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Excluding the most recent addition to the euro area, let’s consider the original EU12. Across all advanced economies (34 of them), average annualised rate of real GDP per capita growth was 1.57%. Across the euro area 12 it was 0.727% – less than 1/2 of the average. Average for non-euro area 12 states was 2.126% or almost 3 times the euro area 12 average.
All of this translates into a massive gap between the euro area 12 (euro ‘growthology’ states that supported from the start the idea of ‘sustainable’ growth based on the EMU) and the rest of the advanced economies. In cumulative terms – over 2000-2014, EA12 states clocked growth of 11.674% in terms of their real GDP per capita. Over the same period of time, ex-EA12 advanced economies managed to grow on average by 40.01%.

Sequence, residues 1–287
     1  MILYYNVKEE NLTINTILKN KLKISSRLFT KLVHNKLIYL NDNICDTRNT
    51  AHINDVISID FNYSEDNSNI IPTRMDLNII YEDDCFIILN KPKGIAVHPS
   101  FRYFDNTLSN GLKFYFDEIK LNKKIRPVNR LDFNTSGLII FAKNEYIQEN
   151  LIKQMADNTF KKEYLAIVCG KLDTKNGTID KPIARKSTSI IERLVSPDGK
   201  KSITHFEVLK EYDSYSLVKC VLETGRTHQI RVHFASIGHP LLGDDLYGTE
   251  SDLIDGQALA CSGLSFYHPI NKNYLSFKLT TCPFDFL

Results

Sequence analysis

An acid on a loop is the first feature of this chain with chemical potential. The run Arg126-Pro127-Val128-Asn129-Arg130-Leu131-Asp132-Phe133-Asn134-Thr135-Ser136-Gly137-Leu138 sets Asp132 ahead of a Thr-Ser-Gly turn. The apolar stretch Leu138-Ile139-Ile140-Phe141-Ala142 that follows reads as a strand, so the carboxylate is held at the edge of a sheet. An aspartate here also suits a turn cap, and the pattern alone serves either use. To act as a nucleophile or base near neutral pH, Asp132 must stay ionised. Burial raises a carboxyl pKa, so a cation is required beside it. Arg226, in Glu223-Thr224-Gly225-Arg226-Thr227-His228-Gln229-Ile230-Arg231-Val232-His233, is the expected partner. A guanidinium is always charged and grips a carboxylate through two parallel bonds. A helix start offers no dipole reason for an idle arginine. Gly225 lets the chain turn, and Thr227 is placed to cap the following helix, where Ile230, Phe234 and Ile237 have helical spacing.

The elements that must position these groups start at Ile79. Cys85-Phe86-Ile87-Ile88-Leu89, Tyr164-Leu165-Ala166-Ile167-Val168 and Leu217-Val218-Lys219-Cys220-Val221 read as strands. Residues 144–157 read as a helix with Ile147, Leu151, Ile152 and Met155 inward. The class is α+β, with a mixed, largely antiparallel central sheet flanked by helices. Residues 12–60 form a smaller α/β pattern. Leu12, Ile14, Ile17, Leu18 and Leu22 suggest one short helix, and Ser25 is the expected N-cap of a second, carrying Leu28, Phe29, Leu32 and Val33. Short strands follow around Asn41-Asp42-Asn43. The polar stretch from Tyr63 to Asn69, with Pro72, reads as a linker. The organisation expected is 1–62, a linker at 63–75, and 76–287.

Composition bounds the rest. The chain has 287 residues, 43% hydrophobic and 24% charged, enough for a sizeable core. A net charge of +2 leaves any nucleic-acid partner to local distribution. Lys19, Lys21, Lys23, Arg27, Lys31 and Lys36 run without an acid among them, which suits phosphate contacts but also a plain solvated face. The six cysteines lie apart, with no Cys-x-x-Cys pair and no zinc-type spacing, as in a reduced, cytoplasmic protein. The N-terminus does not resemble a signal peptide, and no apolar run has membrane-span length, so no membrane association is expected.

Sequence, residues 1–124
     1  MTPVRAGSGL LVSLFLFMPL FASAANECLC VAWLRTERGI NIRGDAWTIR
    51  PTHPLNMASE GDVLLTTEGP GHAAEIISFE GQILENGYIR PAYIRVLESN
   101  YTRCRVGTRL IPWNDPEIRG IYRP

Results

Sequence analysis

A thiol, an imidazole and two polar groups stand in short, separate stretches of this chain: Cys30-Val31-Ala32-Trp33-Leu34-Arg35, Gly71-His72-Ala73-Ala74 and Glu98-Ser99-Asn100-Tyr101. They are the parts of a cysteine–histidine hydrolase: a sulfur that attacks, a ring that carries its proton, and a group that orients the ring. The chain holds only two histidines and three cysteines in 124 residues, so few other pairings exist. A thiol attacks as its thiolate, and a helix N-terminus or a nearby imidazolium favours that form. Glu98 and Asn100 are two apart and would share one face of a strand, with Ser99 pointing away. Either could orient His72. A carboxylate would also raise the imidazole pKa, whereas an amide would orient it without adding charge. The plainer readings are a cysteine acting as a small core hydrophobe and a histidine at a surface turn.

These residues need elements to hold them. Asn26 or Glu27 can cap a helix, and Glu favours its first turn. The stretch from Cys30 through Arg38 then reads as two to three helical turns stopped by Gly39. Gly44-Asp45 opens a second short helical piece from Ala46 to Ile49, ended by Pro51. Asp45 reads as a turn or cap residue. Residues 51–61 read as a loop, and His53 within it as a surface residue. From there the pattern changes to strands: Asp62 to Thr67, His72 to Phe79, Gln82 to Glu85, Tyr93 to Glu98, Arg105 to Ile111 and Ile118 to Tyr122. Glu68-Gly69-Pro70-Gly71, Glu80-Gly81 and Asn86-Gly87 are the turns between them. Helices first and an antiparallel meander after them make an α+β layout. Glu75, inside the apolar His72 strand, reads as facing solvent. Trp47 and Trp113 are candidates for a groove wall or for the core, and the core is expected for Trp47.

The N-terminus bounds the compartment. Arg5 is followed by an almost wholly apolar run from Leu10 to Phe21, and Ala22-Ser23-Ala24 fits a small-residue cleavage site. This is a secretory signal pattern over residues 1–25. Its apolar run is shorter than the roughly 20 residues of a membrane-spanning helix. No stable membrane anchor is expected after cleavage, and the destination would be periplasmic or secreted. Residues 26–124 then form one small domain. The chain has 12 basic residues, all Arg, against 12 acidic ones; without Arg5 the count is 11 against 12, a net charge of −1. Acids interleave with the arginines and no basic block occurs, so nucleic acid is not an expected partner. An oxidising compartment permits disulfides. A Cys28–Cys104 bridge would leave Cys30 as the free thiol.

Oh dear… even if you are not Italy or Cyprus (the latter made utterly insolvent by the EU inept ‘resolution’ of the Greek crisis and then promptly accused of causing this disaster upon itself – just to ad an insult to an injury), even if you are the ‘best in the class’ Ireland… within the euro, you are screwed.
So the key question is: where is the evidence that having a common currency results in better economic outcomes? Key answer is: nowhere.